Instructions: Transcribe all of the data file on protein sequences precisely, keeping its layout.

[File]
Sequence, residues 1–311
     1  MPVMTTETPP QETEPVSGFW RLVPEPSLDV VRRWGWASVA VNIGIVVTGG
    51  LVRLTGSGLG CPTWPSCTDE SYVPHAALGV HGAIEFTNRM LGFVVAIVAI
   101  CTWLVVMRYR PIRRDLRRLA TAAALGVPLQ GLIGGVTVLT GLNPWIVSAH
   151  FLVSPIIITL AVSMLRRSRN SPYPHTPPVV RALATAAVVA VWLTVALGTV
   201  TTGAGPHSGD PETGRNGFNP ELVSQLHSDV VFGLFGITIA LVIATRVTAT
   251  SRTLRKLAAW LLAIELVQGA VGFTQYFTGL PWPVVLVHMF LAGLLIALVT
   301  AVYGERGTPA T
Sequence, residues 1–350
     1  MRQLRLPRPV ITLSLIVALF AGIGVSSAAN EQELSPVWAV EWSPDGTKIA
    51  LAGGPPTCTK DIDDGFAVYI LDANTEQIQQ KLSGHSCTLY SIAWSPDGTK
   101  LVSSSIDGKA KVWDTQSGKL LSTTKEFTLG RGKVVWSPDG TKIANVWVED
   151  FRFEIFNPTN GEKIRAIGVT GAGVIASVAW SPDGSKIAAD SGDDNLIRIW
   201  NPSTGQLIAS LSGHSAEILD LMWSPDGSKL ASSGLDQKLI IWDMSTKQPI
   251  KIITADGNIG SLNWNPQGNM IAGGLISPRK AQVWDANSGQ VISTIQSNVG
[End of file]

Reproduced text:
Sequence, residues 1–311
     1  MPVMTTETPP QETEPVSGFW RLVPEPSLDV VRRWGWASVA VNIGIVVTGG
    51  LVRLTGSGLG CPTWPSCTDE SYVPHAALGV HGAIEFTNRM LGFVVAIVAI
   101  CTWLVVMRYR PIRRDLRRLA TAAALGVPLQ GLIGGVTVLT GLNPWIVSAH
   151  FLVSPIIITL AVSMLRRSRN SPYPHTPPVV RALATAAVVA VWLTVALGTV
   201  TTGAGPHSGD PETGRNGFNP ELVSQLHSDV VFGLFGITIA LVIATRVTAT
   251  SRTLRKLAAW LLAIELVQGA VGFTQYFTGL PWPVVLVHMF LAGLLIALVT
   301  AVYGERGTPA T
Sequence, residues 1–350
     1  MRQLRLPRPV ITLSLIVALF AGIGVSSAAN EQELSPVWAV EWSPDGTKIA
    51  LAGGPPTCTK DIDDGFAVYI LDANTEQIQQ KLSGHSCTLY SIAWSPDGTK
   101  LVSSSIDGKA KVWDTQSGKL LSTTKEFTLG RGKVVWSPDG TKIANVWVED
   151  FRFEIFNPTN GEKIRAIGVT GAGVIASVAW SPDGSKIAAD SGDDNLIRIW
   201  NPSTGQLIAS LSGHSAEILD LMWSPDGSKL ASSGLDQKLI IWDMSTKQPI
   251  KIITADGNIG SLNWNPQGNM IAGGLISPRK AQVWDANSGQ VISTIQSNVG